Magpie attacks have been recorded right across the region | Video

LOOK OUT: Magpie breeding season has started and the birds are racking up quite a few swoops across the region. Photo: FILE
LOOK OUT: Magpie breeding season has started and the birds are racking up quite a few swoops across the region. Photo: FILE

MAGPIES in Orange might have caused injury, but there have been more attacks in Bathurst, new data shows.

With magpie breeding season well underway across the region, many people have taken to social media and the Magpie Alert website to share their stories of attacks and swoops.

As of Thursday afternoon, 1193 attacks across Australia had already been registered on Magpie Alert, with 143 of these resulting in an injury.

One of those injuries occurred in Orange when a cyclist, who used the user name of Woodsy, reported an attack on Cameron Place.

“Swooped three times and pecked on left side of face whilst cycling, causing minor bleeding,” the rider reported.

This was the only attack reported in Orange, meanwhile in Bathurst there have been five reported.

Among the reported Bathurst attacks, was from a cyclist with the user name of Radio Addict who said while they were not injured in the magpie swoop on Vale Road it was “quite a scare”.

“This magpie took exception to me enjoying an afternoon ride and came soundlessly from behind before launching a repeated attack with plenty of beak clapping, swooping and squawking,” the post read.

“Riders beware as it attacks silently before making it’s presence known resulting in quite a scare.

“Also beware of the traffic in case you swerve from fright into the path of a following vehicle.”

While on Russell Street in Bathurst, a person called Evan H reported another swoop.

“Quite a pesky little bugger. Certainly hit the back of the helmet with some force a number of times for about 50 metres,” the post stated.

 In Dubbo, a swooping magpie on Glenabbey Drive resulted in another report on the website.

“Magpie attacked me twice around the same location, the first time around 7.30am and the second time on the way back around 7.50am,” the post read.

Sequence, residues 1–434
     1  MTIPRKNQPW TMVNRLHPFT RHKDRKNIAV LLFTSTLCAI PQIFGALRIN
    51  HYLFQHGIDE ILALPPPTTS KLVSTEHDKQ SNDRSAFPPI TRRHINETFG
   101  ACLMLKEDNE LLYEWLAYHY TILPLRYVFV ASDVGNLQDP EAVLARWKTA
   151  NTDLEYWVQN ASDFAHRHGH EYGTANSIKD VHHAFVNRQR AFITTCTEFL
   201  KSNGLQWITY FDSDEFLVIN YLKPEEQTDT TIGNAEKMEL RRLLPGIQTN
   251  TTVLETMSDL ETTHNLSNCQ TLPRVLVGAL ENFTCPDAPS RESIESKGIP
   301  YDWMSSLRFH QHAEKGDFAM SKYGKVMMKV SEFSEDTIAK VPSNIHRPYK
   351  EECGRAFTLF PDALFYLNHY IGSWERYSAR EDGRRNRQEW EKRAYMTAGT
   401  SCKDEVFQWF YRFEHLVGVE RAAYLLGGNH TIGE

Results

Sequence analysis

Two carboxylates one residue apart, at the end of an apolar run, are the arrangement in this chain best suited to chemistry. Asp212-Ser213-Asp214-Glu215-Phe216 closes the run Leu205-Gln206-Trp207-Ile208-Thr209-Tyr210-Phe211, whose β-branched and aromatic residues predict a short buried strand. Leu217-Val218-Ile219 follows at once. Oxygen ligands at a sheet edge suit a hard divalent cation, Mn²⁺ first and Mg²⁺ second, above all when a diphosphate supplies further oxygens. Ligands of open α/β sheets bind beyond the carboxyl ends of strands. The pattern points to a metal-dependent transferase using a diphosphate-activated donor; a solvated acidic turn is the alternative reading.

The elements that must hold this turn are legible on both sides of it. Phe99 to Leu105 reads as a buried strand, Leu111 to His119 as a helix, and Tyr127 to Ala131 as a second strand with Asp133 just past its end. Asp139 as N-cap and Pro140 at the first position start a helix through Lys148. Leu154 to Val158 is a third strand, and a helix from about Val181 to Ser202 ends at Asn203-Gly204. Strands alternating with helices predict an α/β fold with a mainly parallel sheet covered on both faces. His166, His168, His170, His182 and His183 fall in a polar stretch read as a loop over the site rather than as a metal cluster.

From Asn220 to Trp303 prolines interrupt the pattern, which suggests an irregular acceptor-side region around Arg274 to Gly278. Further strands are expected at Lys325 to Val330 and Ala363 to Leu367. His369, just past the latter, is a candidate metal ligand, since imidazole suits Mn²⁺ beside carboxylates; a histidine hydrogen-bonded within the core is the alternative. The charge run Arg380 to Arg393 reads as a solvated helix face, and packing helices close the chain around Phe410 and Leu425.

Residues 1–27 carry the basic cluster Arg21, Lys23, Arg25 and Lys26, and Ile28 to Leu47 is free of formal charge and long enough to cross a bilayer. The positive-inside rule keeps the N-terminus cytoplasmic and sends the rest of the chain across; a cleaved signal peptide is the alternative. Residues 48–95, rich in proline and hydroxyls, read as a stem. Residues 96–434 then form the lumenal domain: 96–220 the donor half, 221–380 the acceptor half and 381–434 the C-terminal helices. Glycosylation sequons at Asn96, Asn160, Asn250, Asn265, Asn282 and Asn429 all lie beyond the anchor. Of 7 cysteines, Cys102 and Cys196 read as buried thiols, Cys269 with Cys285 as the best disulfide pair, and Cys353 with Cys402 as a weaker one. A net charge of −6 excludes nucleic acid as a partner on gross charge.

“Tried to remain calm, protected my head with my arms, stopped running and started to walk.

“On both occasions, the bird was quite aggressive and swooped me two or three times despite being away more than 60 meters from the first encounter.”

There was also just one report of a swooping magpie in Forbes.

User name CD said the recent attack took place on Bedgerabong Road.

“One bird swooping and snapping its beak whilst cycling along the bike path,” the post stated.

“Bird swooped repeatedly for about 300 metres.”

Swooping Magpie Safety Tips

Five seasons of collecting data on magpie swoops has resulted in a list of dos and don’ts when it comes to attacks.

Magpiealert.com has the following tips:

  • If you are swooped while cycling get off of your bicycle, a large number of injuries reported on magpiealert.com are caused by accidents where cyclists fall off during an attack.
  • Keep an ear open for their distinctive calls.
  • It is important to try to stay calm, if you panic and flap then this is more likely to appear as aggressive behaviour and provoke a further attack.
  • Wear sun glasses and with large wide-brimmed hat to protect your head and eyes.
  • Face the magpie they tend to attack from behind so facing them should avert an attack. Remember to keep facing the bird as you walk out of their territory some birds will swoop as soon as you look away.
  • Warn other people where the magpies are swooping locally by registering the swoops with along with a description on our national mappie map.

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